As if moving the KC-10A wasn’t a big enough deal, at the same time in April, the Museum also acquired a vintage Curtis C-46 “Commando” WW2 transport aircraft from the backyard at the U.S. Navy Air Museum at NAS Pensacola, Florida. The AMC Museum contracted with a vintage aircraft restoration and aircraft moving company that dismantled the plane and transported the C-46 pieces from NAS Pensacola by truck up to the AMC Museum at Dover AFB in May. The C-46 fuselage is now located in front of the C-131D in front of the Museum control tower. To do this the Museum had to move their two fighters – the F-106A and the F-101B – to where the A-26C was. The A-26 was moved closer to between the two C-119’s. Yes, some planes had to be moved to make this move happen also. Unfortunately, moving the two fighters does not allow for good photography of the two fighters any longer. You have to see all this to believe it and then compare the new plane locations to the original plane locations on the museum ramp site plan (attached).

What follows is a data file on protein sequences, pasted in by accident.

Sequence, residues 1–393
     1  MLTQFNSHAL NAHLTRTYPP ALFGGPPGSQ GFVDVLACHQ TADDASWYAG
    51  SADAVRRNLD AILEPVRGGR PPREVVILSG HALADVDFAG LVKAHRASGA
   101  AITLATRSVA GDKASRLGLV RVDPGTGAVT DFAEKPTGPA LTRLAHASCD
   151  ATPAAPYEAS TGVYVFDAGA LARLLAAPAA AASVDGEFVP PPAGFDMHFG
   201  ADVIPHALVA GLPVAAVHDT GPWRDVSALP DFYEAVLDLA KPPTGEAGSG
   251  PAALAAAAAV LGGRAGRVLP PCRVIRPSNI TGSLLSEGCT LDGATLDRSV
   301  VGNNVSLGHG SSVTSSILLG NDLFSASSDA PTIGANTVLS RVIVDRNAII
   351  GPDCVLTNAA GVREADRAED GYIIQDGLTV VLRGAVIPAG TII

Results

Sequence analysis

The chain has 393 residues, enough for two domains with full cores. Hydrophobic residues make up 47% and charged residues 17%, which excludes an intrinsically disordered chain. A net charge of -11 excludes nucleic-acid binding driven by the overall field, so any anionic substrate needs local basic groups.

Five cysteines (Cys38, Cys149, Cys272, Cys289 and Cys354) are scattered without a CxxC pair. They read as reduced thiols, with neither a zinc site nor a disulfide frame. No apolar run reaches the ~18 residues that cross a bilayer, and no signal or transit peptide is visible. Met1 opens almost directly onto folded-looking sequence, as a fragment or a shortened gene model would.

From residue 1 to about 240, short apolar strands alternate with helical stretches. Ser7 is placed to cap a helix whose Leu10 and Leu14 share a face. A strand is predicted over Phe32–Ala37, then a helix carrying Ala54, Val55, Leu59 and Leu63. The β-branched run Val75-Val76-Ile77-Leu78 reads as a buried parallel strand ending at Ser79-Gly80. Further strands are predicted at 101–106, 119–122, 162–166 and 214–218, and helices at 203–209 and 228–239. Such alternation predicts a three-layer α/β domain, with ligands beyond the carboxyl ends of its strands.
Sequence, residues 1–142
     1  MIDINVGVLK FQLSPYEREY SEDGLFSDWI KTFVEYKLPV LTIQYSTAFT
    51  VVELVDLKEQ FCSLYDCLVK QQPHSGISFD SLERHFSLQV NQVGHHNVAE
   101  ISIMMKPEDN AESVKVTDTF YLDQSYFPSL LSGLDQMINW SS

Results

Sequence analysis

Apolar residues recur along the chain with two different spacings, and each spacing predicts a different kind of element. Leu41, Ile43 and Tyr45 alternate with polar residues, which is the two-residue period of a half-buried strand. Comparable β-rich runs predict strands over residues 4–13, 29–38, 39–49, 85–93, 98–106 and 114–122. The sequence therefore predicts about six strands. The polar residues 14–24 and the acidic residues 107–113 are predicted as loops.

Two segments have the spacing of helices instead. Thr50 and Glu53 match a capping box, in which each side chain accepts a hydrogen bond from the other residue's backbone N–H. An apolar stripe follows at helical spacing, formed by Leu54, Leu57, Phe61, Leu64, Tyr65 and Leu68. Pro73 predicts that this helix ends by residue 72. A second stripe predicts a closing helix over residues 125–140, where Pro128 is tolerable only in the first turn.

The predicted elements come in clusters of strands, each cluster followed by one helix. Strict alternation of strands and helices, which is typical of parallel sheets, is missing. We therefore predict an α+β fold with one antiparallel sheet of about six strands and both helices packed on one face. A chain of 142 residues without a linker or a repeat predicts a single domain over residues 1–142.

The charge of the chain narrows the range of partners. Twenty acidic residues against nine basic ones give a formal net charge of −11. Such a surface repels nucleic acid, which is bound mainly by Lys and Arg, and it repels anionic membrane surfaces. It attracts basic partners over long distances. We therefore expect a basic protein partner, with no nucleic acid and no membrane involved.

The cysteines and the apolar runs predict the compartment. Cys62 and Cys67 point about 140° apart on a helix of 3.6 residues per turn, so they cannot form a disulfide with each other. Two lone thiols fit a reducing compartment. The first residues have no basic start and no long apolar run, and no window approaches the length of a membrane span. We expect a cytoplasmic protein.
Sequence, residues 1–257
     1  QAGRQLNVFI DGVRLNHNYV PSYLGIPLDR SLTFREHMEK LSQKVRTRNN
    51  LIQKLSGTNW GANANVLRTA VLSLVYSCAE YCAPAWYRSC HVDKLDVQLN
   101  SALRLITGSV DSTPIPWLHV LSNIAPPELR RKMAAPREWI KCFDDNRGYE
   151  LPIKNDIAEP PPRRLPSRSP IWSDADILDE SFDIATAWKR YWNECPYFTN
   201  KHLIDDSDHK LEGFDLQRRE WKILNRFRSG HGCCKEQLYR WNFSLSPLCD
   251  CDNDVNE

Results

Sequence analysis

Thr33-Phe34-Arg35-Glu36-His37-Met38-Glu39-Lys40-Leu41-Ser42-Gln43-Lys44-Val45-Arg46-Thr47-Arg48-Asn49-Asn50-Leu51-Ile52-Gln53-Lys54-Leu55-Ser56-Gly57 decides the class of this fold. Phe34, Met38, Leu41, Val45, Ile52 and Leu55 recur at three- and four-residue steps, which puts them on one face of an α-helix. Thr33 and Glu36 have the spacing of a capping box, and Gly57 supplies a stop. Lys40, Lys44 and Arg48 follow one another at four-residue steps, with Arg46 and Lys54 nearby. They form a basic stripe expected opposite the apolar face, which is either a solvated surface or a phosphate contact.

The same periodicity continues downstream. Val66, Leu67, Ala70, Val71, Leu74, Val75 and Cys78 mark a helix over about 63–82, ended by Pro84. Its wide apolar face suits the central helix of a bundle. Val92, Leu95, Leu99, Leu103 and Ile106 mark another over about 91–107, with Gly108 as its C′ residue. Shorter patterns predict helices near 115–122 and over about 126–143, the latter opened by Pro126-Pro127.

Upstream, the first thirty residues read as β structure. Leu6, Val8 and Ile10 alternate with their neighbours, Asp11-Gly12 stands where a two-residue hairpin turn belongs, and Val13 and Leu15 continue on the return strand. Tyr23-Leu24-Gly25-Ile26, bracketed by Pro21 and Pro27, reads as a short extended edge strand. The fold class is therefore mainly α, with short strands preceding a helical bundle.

Now, back to the C-46. All the other pieces of the C-46 – wings, tail, props, engines – were deposited in front of the Restoration Barn near the KB-50J tanker at the northwest corner of the Museum ramp where they will be individually restored by the Museum’s restoration experts. As I understand it from a knowledgeable docent last week, when all of the rusted pieces and the rusted fuselage are fully restored by the Museum restorers, the original aircraft moving company will return to the AMC Museum to put all the restored pieces back together again to the C-46 in front of the museum control tower. And “Walla”, you will then have a fully restored C-46 “Commando” sitting in front of the control tower! (We hope.) The docent said this will be a major restoration effort and may take as long as 10 years! (We hope not!) The good thing is apparently the restoration process will take place fully in the open to allow the public to see the process and not hidden away in some hanger somewhere. The current ongoing restoration of the KB-50J tanker has been also taking place in the open in front of the Restoration Barn for all to see.